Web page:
I lived with four of my best friends when we were seniors in college. Our chore strategy was that we lived in filth until someone got fed up and rage-cleaned, and then they got to passive-aggressively sulk everyone else for the rest of the week as a reward. Once we decided to clean up the kitchen together, which was great until one of us (not me) opened one of the drawers in the refrigerator to find that the celery one of us (me) had left in there weeks — months? — ago had turned black and liquified. Science, right?!
I think about that every time I find celery in one of the drawers in my refrigerator, which happens days — weeks? (months?!) — after every time I buy celery, because there are no recipes that call for more than a couple stalks of celery, and no grocery stores that sell celery by the stalk. It’s a scam.
I always think, oh, yeah, I’ll eat some celery with peanut butter, finish it off, but honestly, that feels like the kind of weird snack I would have passed off as a treat when I was anorexic, practically high off the fat in the peanut butter while I zealously picked celery strings out of my teeth. In the objectionable corners of the Internet where teenagers trade tips on how to starve yourself, celery is one of those vaunted foods that’s fabled to have net-zero calories because it’s so hard to eat. (Nota bene: These forums are not hotbeds of scientific insight.)
Anyway, there’s celery in my fridge that I need to attend to, but a few days ago I gave my fiancé and myself both food poisoning, and the experience of scraping the offending lentil curry into the garbage disposal a mere day after having spent several hours vomiting it and my stomach lining up was so traumatic that I’m not sure I can open the fridge again yet. Or maybe ever. (Who has two thumbs and is washing the spinach twice next time?! Not this guy, because I’m only ordering takeout for the rest of time!)
Much like emerging from the fog of migraine to discover that you still have arms and feet, there’s something refreshing about the end of a bout of food poisoning. Except when you, say, eat a bunch of grapes in your office kitchen and it’s all you can do to not double over in front of a bunch of hairy boy-children talking about, I don’t know, databases, because the gremlin that’s still living in your stomach does not want grapes, it only wants buttered toast.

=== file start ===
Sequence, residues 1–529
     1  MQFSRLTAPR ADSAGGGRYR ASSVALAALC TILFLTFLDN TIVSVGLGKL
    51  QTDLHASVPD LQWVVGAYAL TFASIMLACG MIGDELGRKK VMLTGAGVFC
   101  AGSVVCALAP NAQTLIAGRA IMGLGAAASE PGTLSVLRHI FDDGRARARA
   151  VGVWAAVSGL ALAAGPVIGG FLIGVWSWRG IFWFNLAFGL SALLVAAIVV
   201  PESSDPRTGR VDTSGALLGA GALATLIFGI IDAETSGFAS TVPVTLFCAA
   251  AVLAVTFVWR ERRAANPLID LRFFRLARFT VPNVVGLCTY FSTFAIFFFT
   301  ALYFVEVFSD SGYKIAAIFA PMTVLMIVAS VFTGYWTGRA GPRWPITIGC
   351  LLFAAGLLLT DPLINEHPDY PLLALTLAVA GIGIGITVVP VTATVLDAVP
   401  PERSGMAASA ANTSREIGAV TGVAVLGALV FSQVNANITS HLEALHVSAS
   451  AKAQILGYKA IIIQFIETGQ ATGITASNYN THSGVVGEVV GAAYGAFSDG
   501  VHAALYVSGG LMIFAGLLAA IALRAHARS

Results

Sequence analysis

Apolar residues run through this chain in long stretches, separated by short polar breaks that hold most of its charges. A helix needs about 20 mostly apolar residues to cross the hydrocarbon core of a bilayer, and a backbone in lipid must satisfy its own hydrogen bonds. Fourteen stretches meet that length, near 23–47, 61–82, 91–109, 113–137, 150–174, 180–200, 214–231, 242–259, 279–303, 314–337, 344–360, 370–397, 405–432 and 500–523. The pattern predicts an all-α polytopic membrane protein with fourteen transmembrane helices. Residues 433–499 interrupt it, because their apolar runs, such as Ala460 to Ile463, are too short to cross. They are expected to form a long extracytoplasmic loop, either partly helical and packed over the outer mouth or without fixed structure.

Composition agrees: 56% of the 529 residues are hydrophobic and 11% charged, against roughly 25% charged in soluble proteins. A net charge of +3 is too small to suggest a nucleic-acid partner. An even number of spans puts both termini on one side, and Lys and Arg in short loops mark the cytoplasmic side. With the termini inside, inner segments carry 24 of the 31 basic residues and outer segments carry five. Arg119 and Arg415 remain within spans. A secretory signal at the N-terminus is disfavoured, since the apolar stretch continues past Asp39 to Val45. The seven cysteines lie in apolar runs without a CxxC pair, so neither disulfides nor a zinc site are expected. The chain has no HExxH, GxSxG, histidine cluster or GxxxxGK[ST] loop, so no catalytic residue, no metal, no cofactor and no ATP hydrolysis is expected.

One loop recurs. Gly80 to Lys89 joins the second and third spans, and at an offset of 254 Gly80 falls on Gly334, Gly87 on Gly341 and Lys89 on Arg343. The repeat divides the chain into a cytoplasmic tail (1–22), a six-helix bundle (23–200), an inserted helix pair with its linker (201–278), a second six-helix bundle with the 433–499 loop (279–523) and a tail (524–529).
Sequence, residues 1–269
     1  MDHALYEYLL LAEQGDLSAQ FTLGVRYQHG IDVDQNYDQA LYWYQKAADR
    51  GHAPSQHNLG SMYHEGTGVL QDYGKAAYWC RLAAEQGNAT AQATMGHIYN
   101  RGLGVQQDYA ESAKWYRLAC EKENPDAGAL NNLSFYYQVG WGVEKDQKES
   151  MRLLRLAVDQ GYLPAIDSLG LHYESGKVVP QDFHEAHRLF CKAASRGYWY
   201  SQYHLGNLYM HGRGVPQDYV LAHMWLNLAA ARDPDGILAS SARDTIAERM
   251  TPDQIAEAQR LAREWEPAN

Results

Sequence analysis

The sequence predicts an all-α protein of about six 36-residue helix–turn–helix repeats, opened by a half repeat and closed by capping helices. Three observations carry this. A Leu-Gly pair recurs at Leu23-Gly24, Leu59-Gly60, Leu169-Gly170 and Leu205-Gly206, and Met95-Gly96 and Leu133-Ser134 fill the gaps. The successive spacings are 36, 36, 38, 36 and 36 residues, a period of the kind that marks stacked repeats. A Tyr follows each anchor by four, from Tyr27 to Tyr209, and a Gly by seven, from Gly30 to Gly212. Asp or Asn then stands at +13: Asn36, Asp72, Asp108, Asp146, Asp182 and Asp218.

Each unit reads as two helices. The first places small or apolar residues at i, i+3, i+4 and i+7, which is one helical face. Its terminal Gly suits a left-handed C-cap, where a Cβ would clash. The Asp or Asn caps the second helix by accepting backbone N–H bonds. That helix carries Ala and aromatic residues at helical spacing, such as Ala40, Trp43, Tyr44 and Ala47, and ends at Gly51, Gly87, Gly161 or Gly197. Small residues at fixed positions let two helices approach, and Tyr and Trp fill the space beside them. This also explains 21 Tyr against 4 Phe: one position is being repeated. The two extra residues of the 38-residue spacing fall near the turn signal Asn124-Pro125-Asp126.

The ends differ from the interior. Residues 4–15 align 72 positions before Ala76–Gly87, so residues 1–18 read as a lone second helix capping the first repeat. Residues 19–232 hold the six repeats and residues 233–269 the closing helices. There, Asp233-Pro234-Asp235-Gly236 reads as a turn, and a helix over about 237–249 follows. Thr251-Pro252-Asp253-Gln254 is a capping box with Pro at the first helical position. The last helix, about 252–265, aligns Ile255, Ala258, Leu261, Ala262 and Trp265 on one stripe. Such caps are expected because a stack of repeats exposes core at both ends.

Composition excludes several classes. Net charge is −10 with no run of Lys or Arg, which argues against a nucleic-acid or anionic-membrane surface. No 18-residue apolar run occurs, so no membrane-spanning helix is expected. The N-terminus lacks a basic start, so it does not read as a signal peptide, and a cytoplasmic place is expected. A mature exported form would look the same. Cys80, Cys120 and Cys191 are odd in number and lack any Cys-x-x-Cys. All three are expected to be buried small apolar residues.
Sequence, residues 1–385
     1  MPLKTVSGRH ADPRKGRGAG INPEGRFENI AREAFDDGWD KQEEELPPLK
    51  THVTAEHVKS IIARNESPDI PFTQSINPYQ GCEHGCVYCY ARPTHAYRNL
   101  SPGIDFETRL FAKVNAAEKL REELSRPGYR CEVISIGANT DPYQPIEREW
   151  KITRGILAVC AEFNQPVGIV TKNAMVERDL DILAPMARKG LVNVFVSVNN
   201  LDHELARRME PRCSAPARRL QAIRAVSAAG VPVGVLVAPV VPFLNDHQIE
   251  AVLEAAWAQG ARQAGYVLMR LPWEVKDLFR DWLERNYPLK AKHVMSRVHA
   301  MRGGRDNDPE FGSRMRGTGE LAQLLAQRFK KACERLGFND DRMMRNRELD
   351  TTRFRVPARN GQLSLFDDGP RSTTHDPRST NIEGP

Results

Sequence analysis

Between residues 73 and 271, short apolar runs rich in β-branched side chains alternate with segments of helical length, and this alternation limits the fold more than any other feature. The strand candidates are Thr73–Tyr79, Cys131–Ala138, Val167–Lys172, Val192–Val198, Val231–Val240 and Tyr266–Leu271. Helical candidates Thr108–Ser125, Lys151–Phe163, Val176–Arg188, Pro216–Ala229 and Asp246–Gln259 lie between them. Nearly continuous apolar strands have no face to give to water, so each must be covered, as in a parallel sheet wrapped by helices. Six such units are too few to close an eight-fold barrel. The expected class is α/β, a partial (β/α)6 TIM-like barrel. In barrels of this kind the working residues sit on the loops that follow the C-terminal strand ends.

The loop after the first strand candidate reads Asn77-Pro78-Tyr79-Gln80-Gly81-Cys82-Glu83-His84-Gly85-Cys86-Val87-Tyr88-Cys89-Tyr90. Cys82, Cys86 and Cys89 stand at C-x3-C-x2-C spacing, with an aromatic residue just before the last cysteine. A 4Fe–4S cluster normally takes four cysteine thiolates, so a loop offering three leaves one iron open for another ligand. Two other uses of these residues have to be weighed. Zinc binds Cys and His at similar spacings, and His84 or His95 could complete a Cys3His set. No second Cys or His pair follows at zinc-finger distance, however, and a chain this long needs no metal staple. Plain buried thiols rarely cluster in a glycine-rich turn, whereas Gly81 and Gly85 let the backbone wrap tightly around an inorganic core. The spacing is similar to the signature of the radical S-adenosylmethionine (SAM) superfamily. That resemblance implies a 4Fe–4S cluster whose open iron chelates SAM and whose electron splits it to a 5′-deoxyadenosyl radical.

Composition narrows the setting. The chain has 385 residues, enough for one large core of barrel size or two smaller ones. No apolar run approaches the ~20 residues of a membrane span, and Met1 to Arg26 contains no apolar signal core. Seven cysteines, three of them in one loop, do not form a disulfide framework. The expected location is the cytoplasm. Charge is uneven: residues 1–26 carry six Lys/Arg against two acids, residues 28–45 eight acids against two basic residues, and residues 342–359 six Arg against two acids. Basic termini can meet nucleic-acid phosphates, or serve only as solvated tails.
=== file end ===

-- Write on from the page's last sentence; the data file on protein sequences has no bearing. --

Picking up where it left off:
Speaking of grapes, and anorexia snacks, I was tickled to read the New York Times’s latest militant screed about sugar. Among the gems were instructions to avoid grapes and bananas, and to replace your morning orange juice with — wait for it! — ice water, but with an orange slice in it. Also, at one point I think they suggested that instead of eating a bowl of oatmeal, you could “savor a whole orange”? It was unclear to me what you should do if you don’t like oranges. Could a person gain the same keen sense of dissatisfaction with their very existence by replacing their morning apple juice with a glass of ice water with a slice of apple in it?
The lady at the New York Times who hates grapes and oatmeal and orange juice would definitely have been one of those ladies who eyeballed me in my building elevator and asked me what I was doing to stay so svelte. Nothing burns calories like berating yourself for not climbing up thirteen flights of stairs, ladies!
All of this is to say that part of me wants to see how long I can let that celery sit in the refrigerator drawer until someone else deals with it, but part of me recognizes that having given my only cohabitant food poisoning recently, I should probably do him a solid and throw that celery out myself if I still want him to marry me.
P.S. I was about to hit Publish when my fiancé walked in and started taking out the trash, and I said “Hey, could you take that celery out of the fridge, too?” I AM THE MASTER OF MY FATE; I AM THE CAPTAIN OF MY SOUL!
In 1983, in Mrs. Witherspoon’s gifted class at Mountain Gap Middle School 35803 (visual aid readily available upon a request no one will ever make), Beverly G., Jinny P. the ballet prodigy who ended up at a place interchangeable with Interlochen, and I were in a group assigned to write a journal about our role-playing selves in a pretend situation. Beverly was the principal author and wrote, of a purported shared lunch that was somehow weirdly relevant, “Jodi had a cheeseburger, Beverly had a tuna sandwich, and Jinny had half an orange.”
I’m genuinely joyful to report that Jinny is still here and a fellow paper artist (who influenced me into being one) whose ‘17 holiday card remains framed in my law office. But I can never think of her without having to stop myself from saying out loud, in my Beverly G. voice, “Jinny had half an orange.” Augh. Hugs!